Wednesday, October 10, 2012

Double-crested Cormorant

The often maligned Double-crested Cormorant is, never-the-less, a handsome bird. The photo was taken several years ago at Sand Lake National Wildlife Refuge in northeastern South Dakota. All four toes are webbed, making the cormorants systematically allied (at least traditionally) with the pelicans in the order Pelicaniformes.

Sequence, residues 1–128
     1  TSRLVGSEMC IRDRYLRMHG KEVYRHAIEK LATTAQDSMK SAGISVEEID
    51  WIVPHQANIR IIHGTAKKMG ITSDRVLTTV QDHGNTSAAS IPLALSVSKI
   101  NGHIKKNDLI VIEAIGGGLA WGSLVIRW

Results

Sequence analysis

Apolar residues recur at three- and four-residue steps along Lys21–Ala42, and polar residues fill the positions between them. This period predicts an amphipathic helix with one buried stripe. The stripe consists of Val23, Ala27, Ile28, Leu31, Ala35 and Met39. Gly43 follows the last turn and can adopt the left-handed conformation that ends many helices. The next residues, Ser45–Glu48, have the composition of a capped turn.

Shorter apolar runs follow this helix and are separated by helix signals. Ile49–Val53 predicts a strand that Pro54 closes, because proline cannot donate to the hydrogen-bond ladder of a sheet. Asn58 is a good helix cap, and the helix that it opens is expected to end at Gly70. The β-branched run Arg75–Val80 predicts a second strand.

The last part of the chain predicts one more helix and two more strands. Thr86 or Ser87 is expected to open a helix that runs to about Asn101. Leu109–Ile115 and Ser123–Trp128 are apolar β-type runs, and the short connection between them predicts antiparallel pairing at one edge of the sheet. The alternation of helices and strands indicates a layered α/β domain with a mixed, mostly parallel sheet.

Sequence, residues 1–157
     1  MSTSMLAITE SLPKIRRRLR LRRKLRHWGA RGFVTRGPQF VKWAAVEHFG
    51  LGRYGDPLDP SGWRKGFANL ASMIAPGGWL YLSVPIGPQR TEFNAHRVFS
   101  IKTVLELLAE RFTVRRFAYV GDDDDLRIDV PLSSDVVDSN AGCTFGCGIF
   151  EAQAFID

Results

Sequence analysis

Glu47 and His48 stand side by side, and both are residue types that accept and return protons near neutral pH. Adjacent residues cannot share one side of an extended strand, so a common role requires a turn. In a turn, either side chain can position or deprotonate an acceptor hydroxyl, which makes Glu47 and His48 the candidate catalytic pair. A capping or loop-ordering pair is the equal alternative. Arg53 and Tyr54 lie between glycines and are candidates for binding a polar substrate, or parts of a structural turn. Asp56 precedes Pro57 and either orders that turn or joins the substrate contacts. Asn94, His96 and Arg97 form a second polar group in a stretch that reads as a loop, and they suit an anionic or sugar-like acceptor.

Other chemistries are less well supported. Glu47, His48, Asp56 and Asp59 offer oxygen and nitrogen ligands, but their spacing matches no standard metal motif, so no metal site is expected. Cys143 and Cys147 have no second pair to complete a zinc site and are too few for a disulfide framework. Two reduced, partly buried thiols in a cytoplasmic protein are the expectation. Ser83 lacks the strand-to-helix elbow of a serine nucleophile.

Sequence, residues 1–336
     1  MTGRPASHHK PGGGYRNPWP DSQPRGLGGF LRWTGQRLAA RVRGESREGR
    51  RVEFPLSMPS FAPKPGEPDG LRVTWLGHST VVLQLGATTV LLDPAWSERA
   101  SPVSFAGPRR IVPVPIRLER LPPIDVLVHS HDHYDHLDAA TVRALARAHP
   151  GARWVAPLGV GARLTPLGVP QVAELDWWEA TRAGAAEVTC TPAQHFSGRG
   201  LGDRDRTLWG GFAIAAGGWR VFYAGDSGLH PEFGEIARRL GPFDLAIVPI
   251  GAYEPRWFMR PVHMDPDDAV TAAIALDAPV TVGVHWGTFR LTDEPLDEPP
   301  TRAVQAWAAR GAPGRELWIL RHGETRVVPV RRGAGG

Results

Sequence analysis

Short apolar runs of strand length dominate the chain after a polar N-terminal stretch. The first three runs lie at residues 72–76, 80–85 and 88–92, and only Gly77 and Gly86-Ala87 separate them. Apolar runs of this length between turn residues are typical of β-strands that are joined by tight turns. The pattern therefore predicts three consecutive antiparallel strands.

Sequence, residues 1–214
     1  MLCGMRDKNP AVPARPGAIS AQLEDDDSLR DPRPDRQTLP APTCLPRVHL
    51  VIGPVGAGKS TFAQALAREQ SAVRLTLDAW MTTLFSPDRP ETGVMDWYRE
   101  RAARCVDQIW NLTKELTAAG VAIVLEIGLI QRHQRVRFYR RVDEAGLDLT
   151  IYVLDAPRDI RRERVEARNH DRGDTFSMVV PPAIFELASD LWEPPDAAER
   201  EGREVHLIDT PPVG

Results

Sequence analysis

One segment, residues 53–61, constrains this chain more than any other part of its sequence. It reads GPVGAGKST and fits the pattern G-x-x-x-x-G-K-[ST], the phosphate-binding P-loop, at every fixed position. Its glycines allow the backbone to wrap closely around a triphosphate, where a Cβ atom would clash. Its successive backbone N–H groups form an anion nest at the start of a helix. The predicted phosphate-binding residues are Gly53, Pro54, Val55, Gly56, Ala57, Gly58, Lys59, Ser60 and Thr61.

Cormorants are often accused of taking excessive numbers of gamefish. Add to that accusation great increases in cormorant numbers, and you have the ingredients for political (i.e. state's rights) debates. Cormorants are opportunistic feeders--they take whatever fish are most abundant and easily caught. These fish are rarely top of the food chain species prized by fishermen. Only when gamefish are stocked and abundant do they constitute a large percentage of a cormorant's diet. Although cormorants are protected species and their economic affects on fisheries are not precisely known, permits have been issued in a few states to cull their numbers (Hatch and Weselch 1999).

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